(5) Holga 135BC
The Holga 135BC is one of several cameras based around the original Holga 135 design. The 135BC is one of the commonest you find and only differs from the original with a mask to give vignetted corners. The lens has its own signature.
And its competent enough as lo-fi goes. It’s spec is similar to the Diana mini with a choice of 2 apertures , bulb & normal shutter and a dubious focus lens . You also get cable threading and easy multiple exposure.
More pricey to source than a Diana mini but at least you get full frame.
(6) Recesky TLR clone
This is arguably the cheapest new camera you can buy on this list. It also is the only DIY option. And heck you do get a a fully functional TLR to boot. and there’s certainly a lo-fi feel to the images…
i mean really lo-fi with a quality that’s not for the faint hearted. The camera is prone to leaks assuming you don’t break it in making it but hey that’s the appeal right ? The shutter and aperture is fixed unless you hack the camera,. The focus screen is awful (many folks actually replace theirs) but there’s something about making and using this. Widely available to buy online.
(7) lomography la sardina
Second appearance on this list for a LSI product. The La Sardina harks back to the Sardine tin cameras made by folk like Irwin. The camera has a 22mm 1:8 lens. Aperture is fixed and the shutter offers 1/100 or Bulb. You can select a close mode 0.6-1m or 1m+.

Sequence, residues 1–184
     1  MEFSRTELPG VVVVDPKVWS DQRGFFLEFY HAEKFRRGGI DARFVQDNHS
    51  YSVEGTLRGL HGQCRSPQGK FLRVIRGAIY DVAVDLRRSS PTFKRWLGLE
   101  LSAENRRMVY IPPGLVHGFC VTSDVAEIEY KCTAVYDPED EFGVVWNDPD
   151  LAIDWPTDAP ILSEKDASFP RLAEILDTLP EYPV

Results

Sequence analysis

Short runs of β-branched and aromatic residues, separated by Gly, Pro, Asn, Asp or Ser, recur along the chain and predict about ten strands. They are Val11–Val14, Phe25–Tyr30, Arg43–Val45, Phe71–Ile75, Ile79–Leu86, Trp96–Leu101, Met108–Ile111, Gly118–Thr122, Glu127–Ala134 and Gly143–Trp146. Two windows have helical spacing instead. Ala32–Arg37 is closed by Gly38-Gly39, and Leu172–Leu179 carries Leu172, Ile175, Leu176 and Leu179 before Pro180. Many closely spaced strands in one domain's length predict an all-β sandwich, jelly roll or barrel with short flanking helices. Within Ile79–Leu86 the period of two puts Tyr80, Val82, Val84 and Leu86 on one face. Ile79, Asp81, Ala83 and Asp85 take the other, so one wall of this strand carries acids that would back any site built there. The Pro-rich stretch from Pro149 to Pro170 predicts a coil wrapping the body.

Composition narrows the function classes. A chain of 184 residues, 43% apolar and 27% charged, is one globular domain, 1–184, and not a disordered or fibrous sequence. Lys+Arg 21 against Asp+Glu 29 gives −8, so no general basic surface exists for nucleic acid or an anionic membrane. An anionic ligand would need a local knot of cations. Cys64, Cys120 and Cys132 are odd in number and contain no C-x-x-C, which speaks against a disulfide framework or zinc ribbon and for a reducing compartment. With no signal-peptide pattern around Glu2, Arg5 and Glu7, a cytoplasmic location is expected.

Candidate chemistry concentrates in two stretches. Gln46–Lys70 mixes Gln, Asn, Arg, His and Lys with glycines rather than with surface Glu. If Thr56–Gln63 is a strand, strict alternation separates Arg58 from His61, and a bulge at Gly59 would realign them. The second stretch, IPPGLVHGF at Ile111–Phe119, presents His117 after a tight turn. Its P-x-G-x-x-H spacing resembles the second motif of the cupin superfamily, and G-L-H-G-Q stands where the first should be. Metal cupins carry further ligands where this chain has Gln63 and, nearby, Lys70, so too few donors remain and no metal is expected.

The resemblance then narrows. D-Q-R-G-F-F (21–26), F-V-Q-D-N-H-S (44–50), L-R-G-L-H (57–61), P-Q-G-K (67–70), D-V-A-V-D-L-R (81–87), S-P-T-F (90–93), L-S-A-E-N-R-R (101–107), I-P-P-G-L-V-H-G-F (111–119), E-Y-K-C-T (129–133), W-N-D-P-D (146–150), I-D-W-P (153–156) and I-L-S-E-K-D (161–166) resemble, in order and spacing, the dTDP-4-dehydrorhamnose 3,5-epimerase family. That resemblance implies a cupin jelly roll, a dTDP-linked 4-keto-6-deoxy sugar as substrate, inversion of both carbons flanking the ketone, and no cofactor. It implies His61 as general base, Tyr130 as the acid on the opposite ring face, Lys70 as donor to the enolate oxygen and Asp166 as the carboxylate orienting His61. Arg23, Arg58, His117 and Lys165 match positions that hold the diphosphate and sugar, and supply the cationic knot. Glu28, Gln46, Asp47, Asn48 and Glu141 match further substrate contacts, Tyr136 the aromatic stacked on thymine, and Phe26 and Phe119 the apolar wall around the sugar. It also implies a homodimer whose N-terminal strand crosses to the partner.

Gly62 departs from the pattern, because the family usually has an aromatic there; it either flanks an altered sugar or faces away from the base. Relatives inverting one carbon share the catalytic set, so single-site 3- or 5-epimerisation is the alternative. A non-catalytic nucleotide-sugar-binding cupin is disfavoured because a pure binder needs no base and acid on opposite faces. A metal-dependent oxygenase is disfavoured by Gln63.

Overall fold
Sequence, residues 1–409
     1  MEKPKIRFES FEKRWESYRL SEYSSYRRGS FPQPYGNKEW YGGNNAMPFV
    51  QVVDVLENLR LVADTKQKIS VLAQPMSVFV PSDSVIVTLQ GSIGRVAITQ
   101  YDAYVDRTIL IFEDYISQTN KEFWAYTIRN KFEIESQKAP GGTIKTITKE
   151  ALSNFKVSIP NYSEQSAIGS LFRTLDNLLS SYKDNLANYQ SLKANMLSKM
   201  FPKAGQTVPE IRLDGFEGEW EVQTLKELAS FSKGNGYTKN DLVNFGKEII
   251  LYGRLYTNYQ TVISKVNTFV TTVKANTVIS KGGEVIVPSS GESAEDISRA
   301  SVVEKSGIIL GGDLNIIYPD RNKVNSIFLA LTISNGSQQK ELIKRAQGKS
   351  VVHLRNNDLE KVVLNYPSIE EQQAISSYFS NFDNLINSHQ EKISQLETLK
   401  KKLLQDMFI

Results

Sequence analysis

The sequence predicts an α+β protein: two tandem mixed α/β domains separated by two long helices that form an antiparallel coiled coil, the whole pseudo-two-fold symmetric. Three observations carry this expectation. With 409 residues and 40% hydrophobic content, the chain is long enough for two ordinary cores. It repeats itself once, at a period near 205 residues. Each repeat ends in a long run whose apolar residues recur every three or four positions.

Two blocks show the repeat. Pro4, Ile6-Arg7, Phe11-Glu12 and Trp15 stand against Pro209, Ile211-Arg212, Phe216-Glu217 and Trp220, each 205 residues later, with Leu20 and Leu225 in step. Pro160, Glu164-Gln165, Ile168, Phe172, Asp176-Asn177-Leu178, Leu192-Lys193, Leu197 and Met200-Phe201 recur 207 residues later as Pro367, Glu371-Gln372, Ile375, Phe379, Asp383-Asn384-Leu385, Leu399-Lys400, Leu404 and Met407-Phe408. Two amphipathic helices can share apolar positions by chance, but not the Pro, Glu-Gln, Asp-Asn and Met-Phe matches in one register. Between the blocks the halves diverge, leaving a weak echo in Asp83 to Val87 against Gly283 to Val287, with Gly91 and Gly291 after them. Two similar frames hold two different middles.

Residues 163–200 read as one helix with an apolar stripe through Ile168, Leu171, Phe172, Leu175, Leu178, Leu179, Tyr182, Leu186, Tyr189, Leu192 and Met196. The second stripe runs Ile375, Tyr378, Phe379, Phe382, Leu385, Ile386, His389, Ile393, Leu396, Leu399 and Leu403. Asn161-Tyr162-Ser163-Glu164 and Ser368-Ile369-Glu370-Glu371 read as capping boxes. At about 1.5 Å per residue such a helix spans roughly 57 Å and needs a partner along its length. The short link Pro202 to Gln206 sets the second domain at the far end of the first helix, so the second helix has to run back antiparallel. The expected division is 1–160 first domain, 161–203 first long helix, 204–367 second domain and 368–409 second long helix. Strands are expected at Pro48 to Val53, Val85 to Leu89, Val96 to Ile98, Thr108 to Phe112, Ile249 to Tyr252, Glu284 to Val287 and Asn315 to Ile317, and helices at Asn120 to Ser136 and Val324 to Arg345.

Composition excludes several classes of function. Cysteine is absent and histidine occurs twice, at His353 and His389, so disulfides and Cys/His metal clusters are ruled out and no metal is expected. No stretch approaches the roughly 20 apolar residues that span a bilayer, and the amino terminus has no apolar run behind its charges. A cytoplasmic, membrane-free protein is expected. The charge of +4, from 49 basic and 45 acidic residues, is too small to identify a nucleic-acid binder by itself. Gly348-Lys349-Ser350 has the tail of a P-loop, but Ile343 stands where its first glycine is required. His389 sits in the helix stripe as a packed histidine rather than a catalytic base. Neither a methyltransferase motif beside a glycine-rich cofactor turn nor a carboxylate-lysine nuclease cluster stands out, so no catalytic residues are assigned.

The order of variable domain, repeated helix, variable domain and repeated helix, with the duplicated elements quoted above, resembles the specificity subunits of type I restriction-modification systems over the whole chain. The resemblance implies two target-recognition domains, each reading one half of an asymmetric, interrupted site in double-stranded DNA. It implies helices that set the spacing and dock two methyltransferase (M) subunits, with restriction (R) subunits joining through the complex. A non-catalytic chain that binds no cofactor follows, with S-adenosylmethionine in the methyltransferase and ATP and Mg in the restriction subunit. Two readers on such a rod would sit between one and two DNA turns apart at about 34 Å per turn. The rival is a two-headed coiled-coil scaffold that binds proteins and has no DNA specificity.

Ultra Wide and soft with some vignetteing and a retro styling. Perhaps just too soft for some and limited feature for some.
(8) Agfa Isoly 100
Before the Diana, there was the the Agfa Isoly series of 120 cameras. The Diana would hommage/copy/blatantly rip off the isoly, so it’s no irony the last Isoly features here.
This 35mm gets a look in mainly due to it’s looks. It actually arguably not that shabby for what it is. It’s no Olympus Trip 35 but the images are pretty good for a plastic shooter, Fixed focus with a fixed f/8 shutter but a variable shutter. It’ll take a standard flash too.
(9) Vivitar Ultra Wide & Slim and clones
The VUWS lives on in the guise of the Superheadz Wide & Slim and some other makes. The orginal VUWS was given away as a promo camera but now often changes hands for £20+ making it’s moniker of the poor man’s lomo in part debatable.
Fixed focus with a fixed shutter and aperture in one of the smallest 35mm camera bodies. Shame that body is actually quite dull rivaling only the Trip 500 for the designed by committee award. The camera’s lens however is much better than you’d expect. However it’s more like the LC-A image wise (hence the moniker does stand).
(10) The Diana/Holga lens mount
The ultimate solution to having a Diana feel lens is to buy a converter mount and use an actual Diana lens. Lomography make one for both Nikon F and Canon EF (EOS) mounts. You can buy direct from lomography and other retailers like amazon (if you click on images you’ll be taken to the relative pages
Alternatively you can buy a holga lens with a varying mount covering Nikon, Canon and pretty much any digital system camera you can think of.
Aperture will be fixed and this will have an impact on light in your viewfinder. For the Diana adaptor the other thing is focal length. The standard 75mm Diana lens become a telephoto on the smaller 35mm mount *and this is worst still on a cropped frame digital sensor. You also loose the vignetting effects. So it’s not really a proper diana lens experience.
The holga experience is nearer the mark as the lens sits closer in and you actually get a near Holga 120N image.